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As Measure 44 Turns 20, Health Advocates Discuss Further Anti-Smoking Efforts

Quinn Dombrowski

Anti-tobacco advocates gathered in Cottage Grove today to mark 20 years of legislation aimed at smoking prevention.

Governor Kate Brown - along with members of the Oregon Health Authority- say it’s been 20 years since voters approved Measure 44.  It raised the price of tobacco and steered some tobacco tax sales revenue towards prevention programs.

As a result, cigarette pack sales have dropped by more than 55 percent.  Governor Brown says pending legislation will help even more by raising the legal age to purchase tobacco to 21.

Credit Brian Bull / KLCC
Governor Kate Brown, at today's event in Cottage Grove where further tobacco prevention tactics were shared.

“T-21," says Brown.  "My understanding is the bill’s coming to the House floor, and I’m cautiously optimistic it’s going to pass.

"So I look forward to signing that bill into law.

"But I also think community engagement efforts are absolutely crucial," adds Brown.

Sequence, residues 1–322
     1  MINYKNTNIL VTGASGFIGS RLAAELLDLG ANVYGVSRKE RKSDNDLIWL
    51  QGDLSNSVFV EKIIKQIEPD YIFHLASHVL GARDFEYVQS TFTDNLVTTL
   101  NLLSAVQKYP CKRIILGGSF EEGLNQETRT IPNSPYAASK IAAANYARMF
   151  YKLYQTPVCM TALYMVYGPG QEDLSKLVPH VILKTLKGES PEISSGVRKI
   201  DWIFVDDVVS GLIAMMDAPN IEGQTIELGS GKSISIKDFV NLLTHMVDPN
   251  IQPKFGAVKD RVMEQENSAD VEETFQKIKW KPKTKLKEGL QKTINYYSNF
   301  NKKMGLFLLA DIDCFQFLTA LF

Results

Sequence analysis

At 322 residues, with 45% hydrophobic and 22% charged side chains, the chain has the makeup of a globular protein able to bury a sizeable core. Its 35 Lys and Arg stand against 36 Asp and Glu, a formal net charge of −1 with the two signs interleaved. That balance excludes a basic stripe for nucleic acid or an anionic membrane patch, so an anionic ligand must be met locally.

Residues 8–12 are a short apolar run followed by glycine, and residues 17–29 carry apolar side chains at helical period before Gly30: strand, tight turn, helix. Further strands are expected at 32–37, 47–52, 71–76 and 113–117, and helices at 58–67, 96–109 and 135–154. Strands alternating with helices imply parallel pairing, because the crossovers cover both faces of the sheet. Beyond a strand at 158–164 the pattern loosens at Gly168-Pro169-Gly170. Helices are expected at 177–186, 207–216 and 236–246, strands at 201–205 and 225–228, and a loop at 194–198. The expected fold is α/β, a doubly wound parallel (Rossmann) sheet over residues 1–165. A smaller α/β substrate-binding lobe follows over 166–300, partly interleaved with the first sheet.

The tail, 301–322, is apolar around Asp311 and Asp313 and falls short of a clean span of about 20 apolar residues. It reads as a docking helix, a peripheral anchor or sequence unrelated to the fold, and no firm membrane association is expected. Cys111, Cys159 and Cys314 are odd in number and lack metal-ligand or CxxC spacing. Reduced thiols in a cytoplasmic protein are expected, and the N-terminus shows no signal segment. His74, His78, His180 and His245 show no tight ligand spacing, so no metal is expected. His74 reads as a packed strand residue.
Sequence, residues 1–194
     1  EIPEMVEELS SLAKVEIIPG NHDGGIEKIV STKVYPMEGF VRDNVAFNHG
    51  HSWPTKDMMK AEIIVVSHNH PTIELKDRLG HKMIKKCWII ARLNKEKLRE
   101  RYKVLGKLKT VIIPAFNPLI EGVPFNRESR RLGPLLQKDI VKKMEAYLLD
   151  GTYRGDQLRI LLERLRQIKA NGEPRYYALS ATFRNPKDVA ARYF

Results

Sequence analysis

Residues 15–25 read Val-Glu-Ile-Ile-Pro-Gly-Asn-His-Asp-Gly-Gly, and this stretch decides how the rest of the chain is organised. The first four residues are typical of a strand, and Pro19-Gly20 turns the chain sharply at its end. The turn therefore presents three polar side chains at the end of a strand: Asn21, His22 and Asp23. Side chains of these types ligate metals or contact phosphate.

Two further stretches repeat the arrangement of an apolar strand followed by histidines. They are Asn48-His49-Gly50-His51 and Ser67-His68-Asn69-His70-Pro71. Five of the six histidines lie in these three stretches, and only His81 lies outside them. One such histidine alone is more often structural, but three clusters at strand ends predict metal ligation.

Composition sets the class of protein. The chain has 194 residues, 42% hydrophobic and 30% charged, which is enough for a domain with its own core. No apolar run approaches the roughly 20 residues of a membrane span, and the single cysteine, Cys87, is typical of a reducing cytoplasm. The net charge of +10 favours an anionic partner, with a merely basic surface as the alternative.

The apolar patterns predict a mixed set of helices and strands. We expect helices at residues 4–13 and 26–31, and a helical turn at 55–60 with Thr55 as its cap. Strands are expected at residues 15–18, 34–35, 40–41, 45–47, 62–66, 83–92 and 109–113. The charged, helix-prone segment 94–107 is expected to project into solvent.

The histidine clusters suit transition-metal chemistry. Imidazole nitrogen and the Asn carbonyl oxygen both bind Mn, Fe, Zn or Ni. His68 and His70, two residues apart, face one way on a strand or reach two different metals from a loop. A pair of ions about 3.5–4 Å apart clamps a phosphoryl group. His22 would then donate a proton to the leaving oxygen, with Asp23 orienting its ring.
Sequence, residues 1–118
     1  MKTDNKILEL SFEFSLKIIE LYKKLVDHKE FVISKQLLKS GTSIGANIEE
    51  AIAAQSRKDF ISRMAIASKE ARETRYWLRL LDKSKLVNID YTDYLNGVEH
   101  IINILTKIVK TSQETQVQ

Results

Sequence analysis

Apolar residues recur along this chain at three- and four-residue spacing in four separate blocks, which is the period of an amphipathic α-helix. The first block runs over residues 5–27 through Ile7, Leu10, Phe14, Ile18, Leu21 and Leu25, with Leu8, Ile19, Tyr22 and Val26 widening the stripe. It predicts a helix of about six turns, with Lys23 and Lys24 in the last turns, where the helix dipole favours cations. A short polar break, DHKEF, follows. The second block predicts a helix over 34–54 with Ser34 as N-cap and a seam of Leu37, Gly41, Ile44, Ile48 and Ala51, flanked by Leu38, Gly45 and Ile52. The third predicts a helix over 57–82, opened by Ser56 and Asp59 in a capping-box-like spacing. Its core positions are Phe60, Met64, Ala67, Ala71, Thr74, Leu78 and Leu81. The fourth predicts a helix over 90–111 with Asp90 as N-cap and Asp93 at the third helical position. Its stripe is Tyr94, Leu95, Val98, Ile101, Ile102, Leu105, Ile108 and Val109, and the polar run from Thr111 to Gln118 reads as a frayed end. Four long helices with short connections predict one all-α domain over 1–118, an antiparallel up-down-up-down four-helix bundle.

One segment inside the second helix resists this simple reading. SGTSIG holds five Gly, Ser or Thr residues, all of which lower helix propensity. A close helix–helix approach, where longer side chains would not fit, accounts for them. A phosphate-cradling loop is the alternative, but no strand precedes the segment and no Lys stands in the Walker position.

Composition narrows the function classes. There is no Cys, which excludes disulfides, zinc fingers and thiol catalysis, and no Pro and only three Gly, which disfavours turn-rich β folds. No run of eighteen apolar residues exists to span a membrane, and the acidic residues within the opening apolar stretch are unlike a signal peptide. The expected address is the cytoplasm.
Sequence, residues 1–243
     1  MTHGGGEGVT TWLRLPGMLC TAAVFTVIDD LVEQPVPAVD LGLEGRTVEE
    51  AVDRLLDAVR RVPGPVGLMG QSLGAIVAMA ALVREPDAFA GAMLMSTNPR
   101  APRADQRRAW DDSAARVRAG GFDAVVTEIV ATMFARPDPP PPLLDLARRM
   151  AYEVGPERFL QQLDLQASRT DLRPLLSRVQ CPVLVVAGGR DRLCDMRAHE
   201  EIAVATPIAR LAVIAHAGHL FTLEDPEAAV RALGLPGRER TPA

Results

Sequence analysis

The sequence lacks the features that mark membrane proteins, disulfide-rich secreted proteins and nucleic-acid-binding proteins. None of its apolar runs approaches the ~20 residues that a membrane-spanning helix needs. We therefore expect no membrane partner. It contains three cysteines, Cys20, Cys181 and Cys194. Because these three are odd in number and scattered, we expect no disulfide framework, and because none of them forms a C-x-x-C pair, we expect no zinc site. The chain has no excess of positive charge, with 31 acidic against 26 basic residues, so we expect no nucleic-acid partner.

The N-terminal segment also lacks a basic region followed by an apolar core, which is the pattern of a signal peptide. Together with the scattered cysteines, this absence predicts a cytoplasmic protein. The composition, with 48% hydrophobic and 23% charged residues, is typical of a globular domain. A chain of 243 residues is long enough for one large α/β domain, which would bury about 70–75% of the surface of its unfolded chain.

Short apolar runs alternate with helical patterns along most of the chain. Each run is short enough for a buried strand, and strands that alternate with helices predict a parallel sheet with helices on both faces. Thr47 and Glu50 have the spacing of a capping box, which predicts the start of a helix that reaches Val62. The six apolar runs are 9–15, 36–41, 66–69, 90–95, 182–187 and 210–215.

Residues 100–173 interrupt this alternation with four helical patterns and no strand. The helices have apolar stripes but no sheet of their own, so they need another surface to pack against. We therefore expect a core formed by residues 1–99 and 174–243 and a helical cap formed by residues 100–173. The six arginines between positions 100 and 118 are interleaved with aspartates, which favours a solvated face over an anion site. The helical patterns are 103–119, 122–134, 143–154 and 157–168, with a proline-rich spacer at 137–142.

"The city, the county, youth advisory councils…all to discourage people from starting to smoke in the first place.”

Credit Brian Bull / KLCC
Anti-smoking bracelets handed out at today's Cottage Grove event.

Still, tobacco use remains the top preventable cause of death and disease in Oregon. 

More than 7,000 users die each year.

Brian Bull is an assistant professor of journalism at the University of Oregon, and remains a contributor to the KLCC news department. He began working with KLCC in June 2016.   In his 27+ years as a public media journalist, he's worked at NPR, Twin Cities Public Television, South Dakota Public Broadcasting, Wisconsin Public Radio, and ideastream in Cleveland. His reporting has netted dozens of accolades, including four national Edward R. Murrow Awards (22 regional),  the Ohio Associated Press' Best Reporter Award, Best Radio Reporter from  the Native American Journalists Association, and the PRNDI/NEFE Award for Excellence in Consumer Finance Reporting.
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